EBITDA is often used and confused as a proxy for operating cash flow but there are two reasons EBITDA does not equal cash flow.
But first understand that EBITDA is used throughout the business community from valuation multiples to covenants in credit agreements. It is the standard metric in the business world when discussing the performance of a business because it allows comparison of different companies by canceling the effects of capital, financing and tax structures.
Operating cash flow is a measure of the amount of cash generated by operations of the company. It indicates whether a company can generate sufficient cash flow to maintain or grow its operations or whether external financing is required.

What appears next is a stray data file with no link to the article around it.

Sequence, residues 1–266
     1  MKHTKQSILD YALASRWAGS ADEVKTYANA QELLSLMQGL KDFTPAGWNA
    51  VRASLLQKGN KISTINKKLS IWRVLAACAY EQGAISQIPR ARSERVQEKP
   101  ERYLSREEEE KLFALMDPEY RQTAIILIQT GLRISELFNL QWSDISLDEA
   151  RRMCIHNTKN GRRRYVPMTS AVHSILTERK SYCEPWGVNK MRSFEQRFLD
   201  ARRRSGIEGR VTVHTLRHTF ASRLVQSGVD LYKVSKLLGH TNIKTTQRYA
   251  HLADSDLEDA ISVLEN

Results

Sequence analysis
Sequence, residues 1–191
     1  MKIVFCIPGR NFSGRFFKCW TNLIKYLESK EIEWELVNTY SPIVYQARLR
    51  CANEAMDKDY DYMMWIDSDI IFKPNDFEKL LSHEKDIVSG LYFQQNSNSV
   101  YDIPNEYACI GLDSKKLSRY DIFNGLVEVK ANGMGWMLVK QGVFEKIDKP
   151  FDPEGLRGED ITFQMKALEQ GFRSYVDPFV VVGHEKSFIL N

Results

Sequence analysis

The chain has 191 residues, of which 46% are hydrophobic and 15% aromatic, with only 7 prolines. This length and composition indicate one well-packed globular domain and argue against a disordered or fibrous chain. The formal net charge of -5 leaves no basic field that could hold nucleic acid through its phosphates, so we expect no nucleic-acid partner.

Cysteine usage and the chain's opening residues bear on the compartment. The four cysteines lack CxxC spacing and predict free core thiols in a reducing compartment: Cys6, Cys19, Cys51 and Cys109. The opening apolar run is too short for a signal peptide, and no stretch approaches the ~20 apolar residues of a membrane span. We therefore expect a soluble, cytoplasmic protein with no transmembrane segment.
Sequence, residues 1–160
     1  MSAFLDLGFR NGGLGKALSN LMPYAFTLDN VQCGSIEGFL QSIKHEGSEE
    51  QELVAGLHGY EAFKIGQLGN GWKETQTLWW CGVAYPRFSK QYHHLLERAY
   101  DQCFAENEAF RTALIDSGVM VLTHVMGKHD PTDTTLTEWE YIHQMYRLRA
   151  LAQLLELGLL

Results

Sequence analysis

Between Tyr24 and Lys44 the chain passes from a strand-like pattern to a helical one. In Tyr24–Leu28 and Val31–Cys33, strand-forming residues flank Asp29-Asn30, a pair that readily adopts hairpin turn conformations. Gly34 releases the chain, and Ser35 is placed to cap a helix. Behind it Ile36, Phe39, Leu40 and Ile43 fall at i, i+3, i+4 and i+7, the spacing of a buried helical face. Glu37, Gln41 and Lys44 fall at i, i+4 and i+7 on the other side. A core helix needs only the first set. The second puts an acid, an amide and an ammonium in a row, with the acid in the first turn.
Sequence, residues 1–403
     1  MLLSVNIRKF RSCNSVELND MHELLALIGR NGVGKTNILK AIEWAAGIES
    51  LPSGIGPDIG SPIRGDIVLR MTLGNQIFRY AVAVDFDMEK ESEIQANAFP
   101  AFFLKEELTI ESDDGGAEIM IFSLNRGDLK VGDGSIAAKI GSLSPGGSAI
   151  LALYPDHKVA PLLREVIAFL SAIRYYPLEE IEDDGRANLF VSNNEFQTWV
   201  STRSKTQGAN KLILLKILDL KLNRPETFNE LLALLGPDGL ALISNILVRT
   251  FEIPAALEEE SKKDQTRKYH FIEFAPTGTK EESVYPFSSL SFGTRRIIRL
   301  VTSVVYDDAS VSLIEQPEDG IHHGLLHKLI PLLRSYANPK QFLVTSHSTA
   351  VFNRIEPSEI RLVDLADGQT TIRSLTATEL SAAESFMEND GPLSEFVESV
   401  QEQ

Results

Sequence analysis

In my opinion, the two reasons EBITDA does not equal cash flow is that:
1) EBITDA does not consider the fluctuation in working capital accounts (current assets – current liabilities) as a business grows or contracts
2) EBITDA does not consider capital expenditures required to support a business’ infrastructure.
EBITDA will most likely always be the dominant business metric for evaluating the performance of a business. But it should never be confused with cash flow as many other factors need to be considered.